Anyone familiar with early drafts of my writing can tell you that beginnings are my biggest struggle. Not because the beginning doesn't come. It does. Boy, does it come. In a vomit of description and character and dialogue and tonal inflections and figurative language, it comes. I want the reader to be right there with me in all the places I have discovered and all those nuances left to discover, often all at once. Sometimes I forget the reader and I are not already friends, that we haven't spoken at least three dozen times about the grand "what ifs" of fiction. Sometimes I even forget the reader is looking for one good excuse to abandon the story.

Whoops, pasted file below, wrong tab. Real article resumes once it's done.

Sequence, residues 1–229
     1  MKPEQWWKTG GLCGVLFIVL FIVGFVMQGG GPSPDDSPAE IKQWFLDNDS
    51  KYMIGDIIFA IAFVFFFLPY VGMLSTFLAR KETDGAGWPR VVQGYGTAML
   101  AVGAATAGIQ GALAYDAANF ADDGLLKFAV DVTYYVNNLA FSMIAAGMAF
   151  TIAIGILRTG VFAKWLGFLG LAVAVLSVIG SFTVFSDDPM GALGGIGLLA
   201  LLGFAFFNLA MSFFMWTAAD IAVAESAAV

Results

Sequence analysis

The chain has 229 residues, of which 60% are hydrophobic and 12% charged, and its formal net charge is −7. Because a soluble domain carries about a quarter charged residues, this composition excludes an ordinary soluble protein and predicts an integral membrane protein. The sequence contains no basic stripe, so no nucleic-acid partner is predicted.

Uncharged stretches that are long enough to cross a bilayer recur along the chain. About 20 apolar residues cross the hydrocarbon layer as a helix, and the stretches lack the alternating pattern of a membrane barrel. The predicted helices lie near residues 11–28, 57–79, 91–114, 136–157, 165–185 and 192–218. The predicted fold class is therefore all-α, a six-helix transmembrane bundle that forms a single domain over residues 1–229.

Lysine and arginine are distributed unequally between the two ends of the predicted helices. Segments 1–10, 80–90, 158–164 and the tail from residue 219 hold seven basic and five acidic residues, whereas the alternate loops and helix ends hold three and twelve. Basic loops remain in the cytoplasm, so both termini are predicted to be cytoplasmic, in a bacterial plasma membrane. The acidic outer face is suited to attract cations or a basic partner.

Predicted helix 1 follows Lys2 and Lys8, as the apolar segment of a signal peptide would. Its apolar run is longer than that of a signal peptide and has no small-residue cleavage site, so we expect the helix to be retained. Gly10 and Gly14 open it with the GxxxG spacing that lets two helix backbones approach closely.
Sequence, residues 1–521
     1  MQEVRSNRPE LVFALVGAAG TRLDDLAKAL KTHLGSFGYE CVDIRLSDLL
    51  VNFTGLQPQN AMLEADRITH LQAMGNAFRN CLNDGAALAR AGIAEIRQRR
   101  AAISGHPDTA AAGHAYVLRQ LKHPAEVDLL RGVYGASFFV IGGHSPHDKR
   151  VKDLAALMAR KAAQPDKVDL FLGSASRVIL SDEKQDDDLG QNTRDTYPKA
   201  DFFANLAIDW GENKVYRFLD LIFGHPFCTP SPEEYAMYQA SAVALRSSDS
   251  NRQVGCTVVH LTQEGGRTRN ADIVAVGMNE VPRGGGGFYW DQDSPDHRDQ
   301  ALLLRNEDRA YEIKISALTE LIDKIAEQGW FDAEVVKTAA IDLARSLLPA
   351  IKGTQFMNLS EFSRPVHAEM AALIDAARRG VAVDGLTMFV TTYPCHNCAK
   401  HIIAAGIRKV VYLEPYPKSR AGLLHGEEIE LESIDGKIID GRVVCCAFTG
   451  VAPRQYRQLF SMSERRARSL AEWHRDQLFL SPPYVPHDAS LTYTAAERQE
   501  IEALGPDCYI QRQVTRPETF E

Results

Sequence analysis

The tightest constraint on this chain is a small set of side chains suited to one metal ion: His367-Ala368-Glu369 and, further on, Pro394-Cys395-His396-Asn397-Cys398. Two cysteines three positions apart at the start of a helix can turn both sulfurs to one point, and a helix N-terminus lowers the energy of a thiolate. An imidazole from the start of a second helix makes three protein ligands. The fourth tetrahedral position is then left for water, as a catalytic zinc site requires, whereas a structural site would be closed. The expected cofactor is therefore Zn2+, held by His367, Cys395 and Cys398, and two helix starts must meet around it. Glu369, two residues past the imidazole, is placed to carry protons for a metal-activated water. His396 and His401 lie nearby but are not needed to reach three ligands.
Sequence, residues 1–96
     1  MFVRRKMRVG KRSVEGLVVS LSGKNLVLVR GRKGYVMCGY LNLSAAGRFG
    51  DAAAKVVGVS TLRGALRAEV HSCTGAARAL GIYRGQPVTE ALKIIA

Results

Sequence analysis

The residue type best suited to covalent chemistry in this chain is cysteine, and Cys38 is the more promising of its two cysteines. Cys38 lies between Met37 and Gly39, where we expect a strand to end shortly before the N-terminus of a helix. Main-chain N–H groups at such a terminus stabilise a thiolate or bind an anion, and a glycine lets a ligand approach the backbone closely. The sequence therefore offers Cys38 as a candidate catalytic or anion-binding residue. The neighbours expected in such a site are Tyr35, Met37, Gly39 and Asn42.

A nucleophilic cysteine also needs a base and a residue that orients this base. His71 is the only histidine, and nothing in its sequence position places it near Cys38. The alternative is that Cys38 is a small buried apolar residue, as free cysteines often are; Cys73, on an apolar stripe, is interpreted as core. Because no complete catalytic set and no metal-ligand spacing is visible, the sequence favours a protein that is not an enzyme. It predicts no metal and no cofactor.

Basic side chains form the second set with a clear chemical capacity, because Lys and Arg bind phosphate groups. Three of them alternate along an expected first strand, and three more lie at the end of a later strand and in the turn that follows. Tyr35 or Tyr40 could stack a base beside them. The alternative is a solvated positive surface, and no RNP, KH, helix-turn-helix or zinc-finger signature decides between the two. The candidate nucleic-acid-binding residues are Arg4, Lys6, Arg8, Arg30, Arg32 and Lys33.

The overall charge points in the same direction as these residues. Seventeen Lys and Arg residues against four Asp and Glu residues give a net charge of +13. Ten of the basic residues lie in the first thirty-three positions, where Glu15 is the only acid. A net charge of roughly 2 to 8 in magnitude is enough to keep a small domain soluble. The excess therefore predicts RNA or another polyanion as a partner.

Author Benjamin Percy compares readers at the beginning of our stories to coma patients. Have a look. I shall picture a reader burdened with a suitcase labeled short term memory each time I revise a story's opening. Since we're all about London this week, I say, "Brilliant."